Cross-sector collaborations help ensure that this high-impact work is carried out with urgency and awareness. Through our Wildfire Restoration Collaborative, eight of our major corporate partners have committed to help drive awareness and action around wildfire recovery.
There’s no doubt that extreme weather events are taking a toll on forests around the globe. Most recently, the western United States has witnessed yet another record-breaking year of wildfires. In early October, California reached the threshold of 4 million acres burned — a number that Cal Fire described as “unfathomable.” Fires in other western states such as Oregon, Washington and Colorado demonstrate that this year’s fire season is no anomaly. It’s the new norm that we must prepare for.
Recent fires have burned longer and hotter than usual, yielding two dangerous results. These historic fires often destroy tree seed source, preventing or slowing healthy forest regeneration. What’s left behind is mostly brush and grass — effectively, fuel for the next megafire.
As with any disaster, the immediate priority is to stop the spread of the fire; and provide food, water and shelter to people displaced by a wildfire. But following emergency response, we must work toward recovering and building resilience in the long term. Though they may seem removed from our daily lives, we rely on well-functioning forest ecosystems to clean our air and critical water sources, to provide a home for dwindling wildlife species, and to support local economies. Restoration ensures our continued access to the very necessities of life.
At the Arbor Day Foundation, we are working with some of the world’s largest and most well-known companies to lead this important work. With the launch of our Wildfire Restoration Collaborative, eight of our corporate partners — AT&T, Facebook, FedEx, HP, Mary Kay, PepsiCo, Procter & Gamble and Target — committed to help the Foundation drive awareness and action around wildfire recovery. With an initial focus on California, these partners are replanting 8,000 acres in the burn scars of the 2018 Carr and Camp Fires. Future projects are slated for Australia and Canada, as well as other affected forests across the US.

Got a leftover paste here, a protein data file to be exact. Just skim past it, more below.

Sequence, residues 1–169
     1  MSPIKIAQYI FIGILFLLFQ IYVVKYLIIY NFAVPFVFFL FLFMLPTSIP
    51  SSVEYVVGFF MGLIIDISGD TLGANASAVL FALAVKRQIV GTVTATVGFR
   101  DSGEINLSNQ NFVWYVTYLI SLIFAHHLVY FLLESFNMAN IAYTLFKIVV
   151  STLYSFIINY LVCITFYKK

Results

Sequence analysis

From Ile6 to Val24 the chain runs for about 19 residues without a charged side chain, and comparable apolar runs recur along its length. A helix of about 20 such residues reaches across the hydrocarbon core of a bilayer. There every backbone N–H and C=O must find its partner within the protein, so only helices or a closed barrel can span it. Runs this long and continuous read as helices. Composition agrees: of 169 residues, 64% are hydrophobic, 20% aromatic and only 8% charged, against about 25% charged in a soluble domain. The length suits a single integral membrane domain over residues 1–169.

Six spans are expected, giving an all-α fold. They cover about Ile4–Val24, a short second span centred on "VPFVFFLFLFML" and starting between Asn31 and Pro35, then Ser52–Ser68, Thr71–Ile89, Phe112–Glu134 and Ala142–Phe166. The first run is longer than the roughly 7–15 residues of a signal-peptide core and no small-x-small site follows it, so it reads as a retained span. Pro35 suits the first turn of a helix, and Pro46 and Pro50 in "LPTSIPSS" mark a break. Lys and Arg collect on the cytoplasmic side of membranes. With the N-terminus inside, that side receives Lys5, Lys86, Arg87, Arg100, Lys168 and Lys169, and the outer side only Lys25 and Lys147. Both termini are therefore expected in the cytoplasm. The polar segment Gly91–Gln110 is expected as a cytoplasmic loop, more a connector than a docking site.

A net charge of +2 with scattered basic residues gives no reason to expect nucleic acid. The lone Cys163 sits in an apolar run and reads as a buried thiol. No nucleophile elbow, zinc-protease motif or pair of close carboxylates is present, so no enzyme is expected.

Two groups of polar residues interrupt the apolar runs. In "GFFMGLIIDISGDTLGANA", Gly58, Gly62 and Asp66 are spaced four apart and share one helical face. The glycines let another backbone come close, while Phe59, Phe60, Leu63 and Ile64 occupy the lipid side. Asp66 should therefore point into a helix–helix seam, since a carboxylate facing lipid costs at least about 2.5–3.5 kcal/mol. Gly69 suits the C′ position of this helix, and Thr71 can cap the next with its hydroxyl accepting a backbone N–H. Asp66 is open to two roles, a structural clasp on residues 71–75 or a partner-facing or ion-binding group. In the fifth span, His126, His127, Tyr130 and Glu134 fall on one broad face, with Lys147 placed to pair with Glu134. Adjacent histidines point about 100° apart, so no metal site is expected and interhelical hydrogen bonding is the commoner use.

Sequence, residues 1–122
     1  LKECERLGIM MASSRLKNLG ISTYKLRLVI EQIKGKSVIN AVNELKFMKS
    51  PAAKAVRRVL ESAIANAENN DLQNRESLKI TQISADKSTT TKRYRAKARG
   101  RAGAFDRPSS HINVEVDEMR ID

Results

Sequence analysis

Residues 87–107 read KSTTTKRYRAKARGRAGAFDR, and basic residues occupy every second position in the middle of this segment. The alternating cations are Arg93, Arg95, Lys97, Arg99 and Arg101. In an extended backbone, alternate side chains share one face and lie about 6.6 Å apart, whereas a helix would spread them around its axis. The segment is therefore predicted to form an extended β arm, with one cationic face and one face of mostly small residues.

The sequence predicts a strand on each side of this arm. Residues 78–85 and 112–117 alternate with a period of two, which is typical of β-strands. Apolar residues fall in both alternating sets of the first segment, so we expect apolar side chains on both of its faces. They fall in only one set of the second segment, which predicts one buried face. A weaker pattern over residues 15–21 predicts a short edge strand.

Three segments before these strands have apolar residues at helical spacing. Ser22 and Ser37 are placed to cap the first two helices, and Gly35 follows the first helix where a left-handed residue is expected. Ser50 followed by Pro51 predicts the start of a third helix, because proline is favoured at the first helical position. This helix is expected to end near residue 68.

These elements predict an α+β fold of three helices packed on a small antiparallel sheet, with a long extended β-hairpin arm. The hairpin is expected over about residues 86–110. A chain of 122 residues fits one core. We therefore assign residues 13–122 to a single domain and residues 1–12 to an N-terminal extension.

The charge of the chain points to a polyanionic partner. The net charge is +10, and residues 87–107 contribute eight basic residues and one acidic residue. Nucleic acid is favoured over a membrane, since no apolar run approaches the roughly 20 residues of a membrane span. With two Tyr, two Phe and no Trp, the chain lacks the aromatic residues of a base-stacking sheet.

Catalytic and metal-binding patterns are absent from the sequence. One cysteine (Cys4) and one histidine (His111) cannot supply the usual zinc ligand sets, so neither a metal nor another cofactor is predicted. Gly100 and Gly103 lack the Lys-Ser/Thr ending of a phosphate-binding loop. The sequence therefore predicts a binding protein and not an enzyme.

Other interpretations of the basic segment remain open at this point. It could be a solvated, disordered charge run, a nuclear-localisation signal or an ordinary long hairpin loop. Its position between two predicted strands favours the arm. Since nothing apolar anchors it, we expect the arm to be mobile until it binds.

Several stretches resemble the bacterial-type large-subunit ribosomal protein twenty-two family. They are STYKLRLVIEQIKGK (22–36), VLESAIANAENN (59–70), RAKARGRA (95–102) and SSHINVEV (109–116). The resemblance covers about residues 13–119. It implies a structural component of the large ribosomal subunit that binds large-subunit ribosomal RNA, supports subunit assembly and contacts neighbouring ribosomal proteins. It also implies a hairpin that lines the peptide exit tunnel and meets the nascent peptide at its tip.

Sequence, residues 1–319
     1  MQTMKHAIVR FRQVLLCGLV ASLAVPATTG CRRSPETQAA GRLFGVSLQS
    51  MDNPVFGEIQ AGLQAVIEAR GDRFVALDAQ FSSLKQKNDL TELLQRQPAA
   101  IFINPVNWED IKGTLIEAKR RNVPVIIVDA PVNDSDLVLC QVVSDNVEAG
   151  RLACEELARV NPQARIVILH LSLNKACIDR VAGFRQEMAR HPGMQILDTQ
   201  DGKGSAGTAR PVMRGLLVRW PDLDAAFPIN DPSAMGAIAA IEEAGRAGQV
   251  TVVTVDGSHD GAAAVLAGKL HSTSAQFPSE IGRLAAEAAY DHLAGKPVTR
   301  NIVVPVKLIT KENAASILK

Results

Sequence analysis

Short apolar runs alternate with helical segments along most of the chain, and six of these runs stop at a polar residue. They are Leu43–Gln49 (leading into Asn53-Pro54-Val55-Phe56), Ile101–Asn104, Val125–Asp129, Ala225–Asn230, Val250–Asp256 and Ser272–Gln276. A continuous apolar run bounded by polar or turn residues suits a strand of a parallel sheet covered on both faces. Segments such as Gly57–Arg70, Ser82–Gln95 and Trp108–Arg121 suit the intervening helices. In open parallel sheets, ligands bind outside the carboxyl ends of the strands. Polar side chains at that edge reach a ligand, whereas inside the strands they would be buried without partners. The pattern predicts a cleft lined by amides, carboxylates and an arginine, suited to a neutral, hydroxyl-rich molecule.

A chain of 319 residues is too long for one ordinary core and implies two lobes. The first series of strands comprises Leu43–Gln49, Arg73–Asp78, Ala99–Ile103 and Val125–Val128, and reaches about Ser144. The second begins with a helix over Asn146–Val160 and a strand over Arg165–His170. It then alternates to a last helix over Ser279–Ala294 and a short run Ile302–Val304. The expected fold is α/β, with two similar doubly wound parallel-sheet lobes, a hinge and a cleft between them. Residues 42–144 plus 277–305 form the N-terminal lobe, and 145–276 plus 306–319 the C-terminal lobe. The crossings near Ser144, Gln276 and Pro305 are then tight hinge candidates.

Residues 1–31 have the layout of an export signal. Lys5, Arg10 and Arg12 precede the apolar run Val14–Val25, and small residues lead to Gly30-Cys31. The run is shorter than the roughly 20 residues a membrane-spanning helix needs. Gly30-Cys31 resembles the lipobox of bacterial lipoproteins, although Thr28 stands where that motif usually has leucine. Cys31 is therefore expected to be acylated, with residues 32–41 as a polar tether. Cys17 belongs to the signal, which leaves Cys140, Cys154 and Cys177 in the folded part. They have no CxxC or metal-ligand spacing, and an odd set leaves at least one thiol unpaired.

The Evolution of Nature-Based Carbon Offsets
Learn more from South Pole, the Arbor Day Foundation, Justdiggit and Sustainable Surf about the exploding voluntary carbon market and the wide variety of nature-based carbon-offset schemes available — at SB'21 San Diego, October 18-21.
These corporate leaders offer more than just financial support. Wildfire restoration is a long-term process — with damage assessment, seedling grow-outs, and of course tree planting — requiring a commitment of several years. Even once seedlings are in the ground, our local planting partners must continue to monitor and manage the forests to promote healthy regeneration.
It would be easy to put such a long-term project on the back burner, but major brands can help remind their peers, consumers and employees that restoration work is important and deserves our attention. For example, Procter & Gamble’s Family Care products — Bounty, Charmin and Puffs — were the first brands to sign on to the Wildfire Restoration Collaborative with a commitment to plant 300,000 trees in California. This initiative opened the door for other leading companies to sign on, and demonstrated the urgency of wildfire recovery to millions of consumers who purchase the brands’ goods each day.
Of course, trees are also an important part of our partners’ sustainability strategies. In addition to acting as an effective and cost-efficient technology to remove carbon from the atmosphere, healthy forests are an investment in thriving communities. For example, the two million trees we are planting in California will ensure safe sources of water for more than 900,000 people across eight counties in the state; and they will absorb more than 100 tons of air pollutants, helping to prevent chronic respiratory diseases so prevalent across the United States.
And restoration work actually builds more resilient forests, helping to prevent more of the uncontrolled fires that have become so common today. When we replant more fire-resilient species of trees — spaced and nurtured appropriately — and clear out brush and grass that act as fire-burning fuel, we can help prevent the next round of megafires.
When it comes to wildfire recovery, cross-sector collaborations help ensure that this high-impact work is carried out with urgency and awareness. To learn more about wildfire restoration efforts driven by our key corporate partners, visit www.arborday.org/wildfire.